Website of the Special Representative of the UN Secretary-General on Violence Against Children: http://srsg.violenceagainstchildren.org/




Direct Link to Full 25-Page 2012 Report in 6 Official UN Languages:


A_67_230_Eng.pdf - A_67_230_Ar.pdf - A_67_230_Ru.pdf

A_67_230_Esp.pdf - A_67_230_Fr.pdf - A_67_230_Ch.pdf


B. Enhancing Awareness & Consolidating Knowledge


    2. Protection from Harmful Practices in Plural Legal Systems


        15.Throughout the world, countless numbers of girls and boys fall

             victims to harmful practices, including female genital mutilation or

             cutting, early and forced marriage, degrading initiation rites, breast

             ironing, son preference, stoning, honour killings, forced feeding,

             witchcraft, and many other less-known forms of harmful practices.

             Often violent in nature, these practices compromise the development

             and education of the child, have serious and long-lasting health and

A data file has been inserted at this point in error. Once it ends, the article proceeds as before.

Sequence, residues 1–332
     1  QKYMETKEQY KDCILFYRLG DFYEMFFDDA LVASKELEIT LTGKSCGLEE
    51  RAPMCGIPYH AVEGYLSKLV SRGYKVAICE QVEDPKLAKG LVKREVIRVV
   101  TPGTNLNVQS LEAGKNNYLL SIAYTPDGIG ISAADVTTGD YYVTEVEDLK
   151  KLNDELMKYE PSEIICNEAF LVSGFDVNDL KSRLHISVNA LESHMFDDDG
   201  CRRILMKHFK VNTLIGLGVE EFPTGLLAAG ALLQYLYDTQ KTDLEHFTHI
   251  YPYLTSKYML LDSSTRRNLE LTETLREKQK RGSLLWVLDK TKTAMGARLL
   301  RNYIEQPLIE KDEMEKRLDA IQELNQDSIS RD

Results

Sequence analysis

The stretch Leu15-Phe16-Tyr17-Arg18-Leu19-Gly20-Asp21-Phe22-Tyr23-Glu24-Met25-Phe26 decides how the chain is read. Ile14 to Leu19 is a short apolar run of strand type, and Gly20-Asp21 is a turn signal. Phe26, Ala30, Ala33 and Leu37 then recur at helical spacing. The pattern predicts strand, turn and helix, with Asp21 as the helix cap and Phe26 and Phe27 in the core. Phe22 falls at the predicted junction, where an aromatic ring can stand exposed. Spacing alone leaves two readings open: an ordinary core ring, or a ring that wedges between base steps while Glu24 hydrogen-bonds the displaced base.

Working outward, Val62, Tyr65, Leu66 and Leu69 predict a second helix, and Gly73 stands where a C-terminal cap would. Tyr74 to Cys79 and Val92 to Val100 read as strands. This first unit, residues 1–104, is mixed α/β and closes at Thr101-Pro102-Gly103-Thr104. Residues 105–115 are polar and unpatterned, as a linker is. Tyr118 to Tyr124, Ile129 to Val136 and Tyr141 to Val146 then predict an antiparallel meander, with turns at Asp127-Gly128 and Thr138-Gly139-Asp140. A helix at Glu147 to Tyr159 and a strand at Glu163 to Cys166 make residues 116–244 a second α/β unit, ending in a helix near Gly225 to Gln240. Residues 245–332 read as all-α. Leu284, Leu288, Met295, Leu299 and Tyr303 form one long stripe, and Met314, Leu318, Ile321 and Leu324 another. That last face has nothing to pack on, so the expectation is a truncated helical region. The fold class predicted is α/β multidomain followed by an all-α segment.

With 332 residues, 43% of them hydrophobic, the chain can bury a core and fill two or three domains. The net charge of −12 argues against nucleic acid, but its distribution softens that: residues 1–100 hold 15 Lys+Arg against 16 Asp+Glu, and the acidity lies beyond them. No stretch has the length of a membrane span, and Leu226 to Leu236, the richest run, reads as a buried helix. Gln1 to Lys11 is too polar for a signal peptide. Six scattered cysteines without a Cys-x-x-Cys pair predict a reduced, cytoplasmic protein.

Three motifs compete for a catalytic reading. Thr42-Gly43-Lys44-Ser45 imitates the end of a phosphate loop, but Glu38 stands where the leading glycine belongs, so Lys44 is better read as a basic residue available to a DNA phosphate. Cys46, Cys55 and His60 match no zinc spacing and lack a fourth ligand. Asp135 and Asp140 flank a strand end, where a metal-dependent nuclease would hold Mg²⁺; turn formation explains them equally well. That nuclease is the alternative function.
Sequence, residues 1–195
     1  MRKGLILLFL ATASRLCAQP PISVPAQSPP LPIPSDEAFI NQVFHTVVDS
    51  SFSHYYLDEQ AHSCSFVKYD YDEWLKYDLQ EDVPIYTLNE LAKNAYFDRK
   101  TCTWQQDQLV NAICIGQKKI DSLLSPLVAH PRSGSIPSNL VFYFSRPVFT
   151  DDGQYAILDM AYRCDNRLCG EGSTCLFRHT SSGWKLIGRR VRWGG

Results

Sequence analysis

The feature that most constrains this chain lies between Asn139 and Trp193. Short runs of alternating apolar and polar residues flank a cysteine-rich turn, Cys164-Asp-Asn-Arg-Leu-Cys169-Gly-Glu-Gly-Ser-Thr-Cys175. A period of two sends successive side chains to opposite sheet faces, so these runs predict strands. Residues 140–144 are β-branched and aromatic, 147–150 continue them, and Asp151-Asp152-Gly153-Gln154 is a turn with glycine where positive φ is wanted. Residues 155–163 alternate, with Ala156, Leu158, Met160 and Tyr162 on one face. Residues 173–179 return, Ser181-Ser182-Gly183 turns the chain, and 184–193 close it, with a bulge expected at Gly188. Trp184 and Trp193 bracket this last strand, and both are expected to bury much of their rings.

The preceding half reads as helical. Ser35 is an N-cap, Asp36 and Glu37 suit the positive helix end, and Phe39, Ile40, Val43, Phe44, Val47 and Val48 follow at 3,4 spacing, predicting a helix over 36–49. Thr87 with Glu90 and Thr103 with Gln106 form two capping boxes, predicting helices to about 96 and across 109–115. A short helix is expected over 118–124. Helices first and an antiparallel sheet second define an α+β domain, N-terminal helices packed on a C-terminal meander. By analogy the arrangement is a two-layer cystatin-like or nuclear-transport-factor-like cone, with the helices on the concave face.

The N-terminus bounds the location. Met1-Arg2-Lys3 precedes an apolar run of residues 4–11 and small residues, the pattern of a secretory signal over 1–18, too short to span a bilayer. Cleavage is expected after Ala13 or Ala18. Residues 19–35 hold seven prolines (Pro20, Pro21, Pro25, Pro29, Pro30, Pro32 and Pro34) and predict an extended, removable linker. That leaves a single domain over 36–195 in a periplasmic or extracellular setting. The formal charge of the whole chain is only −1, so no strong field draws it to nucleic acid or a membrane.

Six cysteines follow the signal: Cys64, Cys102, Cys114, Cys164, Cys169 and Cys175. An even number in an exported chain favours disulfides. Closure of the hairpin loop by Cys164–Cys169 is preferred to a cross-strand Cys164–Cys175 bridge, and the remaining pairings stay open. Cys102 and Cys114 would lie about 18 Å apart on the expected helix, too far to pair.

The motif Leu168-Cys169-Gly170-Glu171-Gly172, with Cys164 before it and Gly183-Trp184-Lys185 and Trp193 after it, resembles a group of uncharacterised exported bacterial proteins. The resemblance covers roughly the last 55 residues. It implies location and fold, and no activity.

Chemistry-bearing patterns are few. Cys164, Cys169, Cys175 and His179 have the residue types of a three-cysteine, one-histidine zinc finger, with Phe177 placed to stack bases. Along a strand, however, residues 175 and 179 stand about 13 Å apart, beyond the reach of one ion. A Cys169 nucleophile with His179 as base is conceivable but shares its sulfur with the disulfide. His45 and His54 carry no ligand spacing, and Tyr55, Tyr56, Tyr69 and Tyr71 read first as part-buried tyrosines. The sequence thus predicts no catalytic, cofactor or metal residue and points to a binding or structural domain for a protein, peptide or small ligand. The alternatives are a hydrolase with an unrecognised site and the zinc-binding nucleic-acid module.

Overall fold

psychological consequences, and may result in disability or death.


        16. Despite the call made in the Study for all harmful practices to be

              prohibited by law, this is not the reality in many countries around the

              world. In some cases, general legislation on assault and bodily injury

              is applicable but rarely used or enforced, because of the social

              acceptance of those deeply entrenched practices......


         17.In order to reflect on these questions and identify opportunities for

              change, the Special Representative and Plan International, in close

              cooperation with the African Committee of Experts on the Rights and

              Welfare of the Child, the Committee on the Rights of the Child, the

              United Nations Children's Fund (UNICEF), OHCHR, and the

              International NGO Council on Violence Against Children co-hosted an

              international expert consultation.


         19. Inconsistencies in legal regulation, selective implementation and

               compliance, and insufficient resources, together with lack of

               awareness within communities, prejudices among personnel and

               weak capacity to address children's rights among law enforcement

               officials, the judiciary, traditional leaders and judges in customary and

               religious courts were identified as critical challenges.